Blood transfusion services around the world screen donations for antibodies to hepatitis C virus (HCV). One potential problem of this is that the antibody response only becomes detectable several weeks after infection and potentially infectious donations in the "window period" go undetected. The screening ELISA tests are based upon genotype 1 sequence. Six distinct HCV genotypes exist, which show approximately 30 % amino acid sequence divergence in their encoded proteins. Sequence variability is not uniform across the genome, being greatest in the regions encoding envelope proteins and most restricted in the core gene. Sequence variation in the antigenic determinants in core, NS3, NS4A/B and NS5A/B proteins, may produce genotype-specific antibodies which do not cross-react with the antigens used in cunent screening assays for detection of antibody to HCV. Reduction in test sensitivity caused by genotype-specific reactivity may particularly affect detection of antibody around the time of seroconversion, as antibody reactivity is likely to be weak and restricted to a limited number of epitopes.
The extent of type-specific and type-common components of the humoral immune response were investigated by measuring the antibody levels in samples of each genotype with type-homologous and type-heterologous antigens. Reactivity directed against the individual genotype 1 antigens used in a commercially available anti-HCV screening assay (VK48; Murex Biotech) was compared with corresponding core, NS3 and NS4A/B antigens of genotype 3, and NS3, NS4A/B and NS5A/B antigens from genotype 4 using a panel of samples from individuals infected with different genotypes (genotype 1: n=33, 3: n=34 and 4: n=43). A combined ELISA was subsequently assembled using the core, NS3 and NS5A/B recombinant proteins and NS4A/B synthetic peptide of genotype 3a sequence, and serological reactivity in this ELISA compared quantitatively with reactivity in the (type 1-based) Murex VK48 assay, using a similar panel of samples from individuals infected with different HCV genotypes. The overall proportion of type-specific reactivity in the combined ELISAs was 46% (with the type-common component making up the other 54%). Type-specificity of reactivity to each region depended on the extent of amino acid divergence between genotypes, with the more conserved core region eliciting 26% type-specific reactivity, compared with 60% and 62-77% to the NS3 and NS5A/B regions.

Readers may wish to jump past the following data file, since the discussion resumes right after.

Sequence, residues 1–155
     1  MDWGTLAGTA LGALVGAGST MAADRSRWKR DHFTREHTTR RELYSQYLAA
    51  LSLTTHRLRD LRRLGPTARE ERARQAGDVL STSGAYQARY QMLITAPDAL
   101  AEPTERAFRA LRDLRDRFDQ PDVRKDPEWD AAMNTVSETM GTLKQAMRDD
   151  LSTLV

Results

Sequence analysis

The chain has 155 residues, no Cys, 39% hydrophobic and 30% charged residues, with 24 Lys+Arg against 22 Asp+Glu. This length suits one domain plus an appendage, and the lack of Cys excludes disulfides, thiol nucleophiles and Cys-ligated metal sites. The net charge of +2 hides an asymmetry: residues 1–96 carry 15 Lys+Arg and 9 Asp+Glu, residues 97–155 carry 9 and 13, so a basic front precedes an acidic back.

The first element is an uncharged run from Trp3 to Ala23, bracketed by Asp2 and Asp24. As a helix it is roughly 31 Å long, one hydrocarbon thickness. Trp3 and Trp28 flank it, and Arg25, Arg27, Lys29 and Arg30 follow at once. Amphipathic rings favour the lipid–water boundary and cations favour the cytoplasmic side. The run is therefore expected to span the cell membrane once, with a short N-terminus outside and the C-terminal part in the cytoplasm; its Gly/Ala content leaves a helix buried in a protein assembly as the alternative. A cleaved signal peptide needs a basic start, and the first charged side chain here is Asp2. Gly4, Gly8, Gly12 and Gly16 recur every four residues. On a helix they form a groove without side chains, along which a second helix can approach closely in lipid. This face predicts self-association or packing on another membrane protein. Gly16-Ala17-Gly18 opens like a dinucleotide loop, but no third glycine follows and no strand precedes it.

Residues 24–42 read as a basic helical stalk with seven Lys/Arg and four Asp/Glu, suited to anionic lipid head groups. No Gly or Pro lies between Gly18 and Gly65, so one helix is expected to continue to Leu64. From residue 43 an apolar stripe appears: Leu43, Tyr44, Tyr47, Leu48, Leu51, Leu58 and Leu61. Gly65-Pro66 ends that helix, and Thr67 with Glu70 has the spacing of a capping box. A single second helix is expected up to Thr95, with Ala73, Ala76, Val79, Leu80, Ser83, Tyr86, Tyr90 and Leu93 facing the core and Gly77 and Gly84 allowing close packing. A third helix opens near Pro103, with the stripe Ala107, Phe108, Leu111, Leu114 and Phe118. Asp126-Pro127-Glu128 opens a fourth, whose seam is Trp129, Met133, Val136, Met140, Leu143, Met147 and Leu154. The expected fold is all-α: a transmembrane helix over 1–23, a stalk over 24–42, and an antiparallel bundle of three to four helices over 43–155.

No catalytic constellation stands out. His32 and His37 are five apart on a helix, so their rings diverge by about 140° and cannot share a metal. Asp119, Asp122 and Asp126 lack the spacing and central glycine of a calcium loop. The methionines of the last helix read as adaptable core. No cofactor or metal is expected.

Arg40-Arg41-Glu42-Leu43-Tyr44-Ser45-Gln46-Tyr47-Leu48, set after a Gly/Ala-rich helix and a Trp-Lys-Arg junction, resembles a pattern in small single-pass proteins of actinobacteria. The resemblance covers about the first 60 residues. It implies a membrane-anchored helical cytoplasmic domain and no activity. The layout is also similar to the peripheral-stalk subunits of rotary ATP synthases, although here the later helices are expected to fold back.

To investigate whether antigenic variability influenced the effectiveness oftype-1 based serological assays for screening, blood donor samples collected in regions where non-genotype 1 HCV predominated, such as genotype 3 infection in Pakistan and genotype 4a infection in Egypt and the Middle East, were screened by ELISAs based on genotype 3a or 4a antigens. Additionally, samples from seroconversion panels, individuals identified with a serum positive PCR result, but a commercial assay negative result and individuals with cryptogenic hepatitis, were tested for reactivity to antigens of genotype 2, 3 or 4. Although several samples were identified with type-specific reactivity confined to non-type 1 antigens, none were PCR positive. These results therefore indicate that while some (past, resolved) HCV infections may not be detectable using commercially available type 1-based screening assays, the Jack of detectable viraemia in the samples provides no evidence at present that these serological "misses" risk the safety of blood transfusion. However, the results do indicate that a proportion of past HCV infections may remain undetected by current diagnostic methods.